The Montessori bed and baby sleep - Marcia Horbacio - Doula & Sleep Consultant

Marcia Horbacio – Doula & Sleep Consultant - Marcia Horbacio – Doula & Sleep Consultant

Marcia Horbacio – Doula & Sleep Consultant - Marcia Horbacio – Doula & Sleep Consultant


Marcia Horbacio - Doula & Sleep Consultant

The Montessori bed and baby sleep

Let’s talk Montessorian bed today. In the past, no one had any doubt that the crib was the most appropriate place for the baby to sleep, but nowadays with so many options, parents are more concerned about whether the choice of crib is really the best for their baby. So, today we are going to compare the crib with one of these options, which is the Montessorian bed, and clear up some of everyone’s doubts. To begin with, let’s explain what Montessori education is.

According to Wikipedia, the Montessori Method is “the result of scientific and empirical research carried out by the physician and pedagogue Maria Montessori. It is characterized by an emphasis on autonomy, freedom with limits, and respect for the child’s natural development of physical, social, and psychological skills.” According to its creator, the most important point of the method is, not so much its material or its practice, but the possibility created by its use, of freeing the true nature of the individual, so that it can be observed, understood, and for that education develops based on the evolution of the child.

The principles of Montessori education apply to all environments where the child is, so parents create a room that can encourage independence, placing everything within reach of the child, at a height where he can reach. This includes your bedroom furniture, your clothes, your toys, books, and play areas. The child’s bed is not left out, and it is also low on the floor. By placing the bed on the floor, parents are applying the principles of freedom of movement, promoting the child’s independence and empowerment. It is important to remember, however, that a bed on the floor means the child is free to get up whenever they want, and this can impact sleep quality, particularly if the child does not yet have the cognitive development to remember the rules of staying in bed at all times without getting up.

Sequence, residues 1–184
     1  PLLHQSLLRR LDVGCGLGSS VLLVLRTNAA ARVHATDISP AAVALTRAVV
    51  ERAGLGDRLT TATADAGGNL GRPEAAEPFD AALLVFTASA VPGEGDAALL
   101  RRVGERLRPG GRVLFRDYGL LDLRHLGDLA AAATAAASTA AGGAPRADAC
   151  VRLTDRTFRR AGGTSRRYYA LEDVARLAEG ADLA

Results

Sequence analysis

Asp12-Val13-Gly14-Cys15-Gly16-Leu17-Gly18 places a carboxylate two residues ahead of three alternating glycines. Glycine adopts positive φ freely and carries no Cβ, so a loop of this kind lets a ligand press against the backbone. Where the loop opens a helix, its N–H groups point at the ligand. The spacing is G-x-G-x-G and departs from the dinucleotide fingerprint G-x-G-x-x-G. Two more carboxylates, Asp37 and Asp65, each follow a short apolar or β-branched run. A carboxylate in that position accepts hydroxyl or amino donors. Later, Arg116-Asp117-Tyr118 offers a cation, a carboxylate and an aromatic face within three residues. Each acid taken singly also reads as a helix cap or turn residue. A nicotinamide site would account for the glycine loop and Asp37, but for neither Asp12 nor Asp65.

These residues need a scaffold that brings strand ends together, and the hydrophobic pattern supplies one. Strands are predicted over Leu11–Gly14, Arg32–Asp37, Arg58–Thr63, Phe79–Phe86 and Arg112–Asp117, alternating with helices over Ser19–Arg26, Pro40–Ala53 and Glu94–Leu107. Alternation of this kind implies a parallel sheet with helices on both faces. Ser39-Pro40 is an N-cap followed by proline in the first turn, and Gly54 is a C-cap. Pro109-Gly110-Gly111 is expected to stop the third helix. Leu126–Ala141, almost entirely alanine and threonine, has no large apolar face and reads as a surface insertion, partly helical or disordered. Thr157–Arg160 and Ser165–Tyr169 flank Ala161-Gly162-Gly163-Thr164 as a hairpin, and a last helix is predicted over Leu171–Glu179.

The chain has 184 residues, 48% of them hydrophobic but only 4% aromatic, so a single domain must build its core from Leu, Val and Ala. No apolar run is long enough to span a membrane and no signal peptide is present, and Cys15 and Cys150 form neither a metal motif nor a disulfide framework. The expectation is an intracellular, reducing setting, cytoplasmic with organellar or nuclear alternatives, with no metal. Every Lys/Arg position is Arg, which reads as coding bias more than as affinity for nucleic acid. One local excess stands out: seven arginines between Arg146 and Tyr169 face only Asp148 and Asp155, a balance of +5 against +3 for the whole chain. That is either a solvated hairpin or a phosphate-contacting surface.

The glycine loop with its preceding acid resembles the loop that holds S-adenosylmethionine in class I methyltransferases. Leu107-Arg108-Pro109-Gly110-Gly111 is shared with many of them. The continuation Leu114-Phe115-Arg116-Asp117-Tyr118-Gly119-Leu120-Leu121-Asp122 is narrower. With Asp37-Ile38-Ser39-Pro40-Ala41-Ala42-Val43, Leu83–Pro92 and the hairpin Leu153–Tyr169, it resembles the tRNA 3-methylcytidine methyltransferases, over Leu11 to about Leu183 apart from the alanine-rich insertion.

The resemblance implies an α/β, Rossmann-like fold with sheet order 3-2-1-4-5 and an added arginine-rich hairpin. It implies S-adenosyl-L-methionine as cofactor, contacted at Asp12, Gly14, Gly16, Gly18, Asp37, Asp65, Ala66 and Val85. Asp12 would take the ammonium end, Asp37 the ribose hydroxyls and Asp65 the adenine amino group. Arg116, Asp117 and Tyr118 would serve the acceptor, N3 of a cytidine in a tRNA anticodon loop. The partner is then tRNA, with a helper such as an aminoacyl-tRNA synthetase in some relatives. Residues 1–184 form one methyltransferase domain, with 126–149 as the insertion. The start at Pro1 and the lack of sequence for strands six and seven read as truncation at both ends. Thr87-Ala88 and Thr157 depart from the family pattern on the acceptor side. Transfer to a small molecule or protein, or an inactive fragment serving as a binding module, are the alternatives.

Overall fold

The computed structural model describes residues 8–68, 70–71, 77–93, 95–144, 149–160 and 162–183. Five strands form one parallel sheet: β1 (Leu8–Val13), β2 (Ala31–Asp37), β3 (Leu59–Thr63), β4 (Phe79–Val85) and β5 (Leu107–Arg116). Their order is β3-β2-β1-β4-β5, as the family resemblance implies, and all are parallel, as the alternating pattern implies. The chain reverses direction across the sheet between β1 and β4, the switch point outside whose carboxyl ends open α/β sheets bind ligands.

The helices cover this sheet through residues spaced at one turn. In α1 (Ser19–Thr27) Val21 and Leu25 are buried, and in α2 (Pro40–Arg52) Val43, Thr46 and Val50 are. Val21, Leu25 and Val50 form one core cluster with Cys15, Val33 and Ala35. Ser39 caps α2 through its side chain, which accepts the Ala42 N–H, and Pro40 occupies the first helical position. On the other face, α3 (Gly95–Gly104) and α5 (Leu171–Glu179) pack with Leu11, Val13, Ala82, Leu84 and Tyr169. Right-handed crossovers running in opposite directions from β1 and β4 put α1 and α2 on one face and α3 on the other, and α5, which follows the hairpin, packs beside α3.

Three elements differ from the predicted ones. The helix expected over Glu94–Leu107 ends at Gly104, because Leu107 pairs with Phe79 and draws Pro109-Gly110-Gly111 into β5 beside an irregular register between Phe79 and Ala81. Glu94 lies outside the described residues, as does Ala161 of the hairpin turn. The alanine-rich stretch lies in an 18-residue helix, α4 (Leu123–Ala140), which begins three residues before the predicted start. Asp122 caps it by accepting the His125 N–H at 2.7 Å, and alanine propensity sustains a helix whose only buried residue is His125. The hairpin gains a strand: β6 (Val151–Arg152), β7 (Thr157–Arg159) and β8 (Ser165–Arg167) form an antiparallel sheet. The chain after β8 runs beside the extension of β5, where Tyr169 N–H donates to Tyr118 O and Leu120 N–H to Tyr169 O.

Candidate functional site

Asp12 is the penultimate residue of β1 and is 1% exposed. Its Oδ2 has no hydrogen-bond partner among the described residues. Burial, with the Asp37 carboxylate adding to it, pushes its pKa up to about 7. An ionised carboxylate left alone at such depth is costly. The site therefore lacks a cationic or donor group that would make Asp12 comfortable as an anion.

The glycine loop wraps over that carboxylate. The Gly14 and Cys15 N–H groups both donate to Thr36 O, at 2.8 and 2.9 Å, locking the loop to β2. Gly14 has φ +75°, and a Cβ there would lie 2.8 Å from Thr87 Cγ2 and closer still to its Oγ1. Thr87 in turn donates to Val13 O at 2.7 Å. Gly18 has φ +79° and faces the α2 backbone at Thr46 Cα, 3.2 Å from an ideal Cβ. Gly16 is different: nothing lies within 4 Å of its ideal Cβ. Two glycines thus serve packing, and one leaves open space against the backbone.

A study done at Philadelphia Hospital, Pennsylvania, showed that sleeping children in cribs was associated with fewer awakenings at night, a quieter bedtime, and longer sleep periods. Study author Ariel Willimson and colleagues collected information from 1,983 children aged 18-36 months living in Australia, Canada, New Zealand, the United Kingdom and the United States. The research also showed that the percentage of children in cribs decreases with age: 63 percent of children aged 18-24 months, 34 percent of children aged 24-30 months, and only 13 percent of children aged 30-36 months.

“Adults see cribs as a cage, but that’s not how children see them,” says Lisa Meltzer, a child psychologist at National Jewish Health in Denver, Colorado. Children like small spaces where they feel safe and comfortable. If you look at a child playing, they like to play under tables or inside boxes.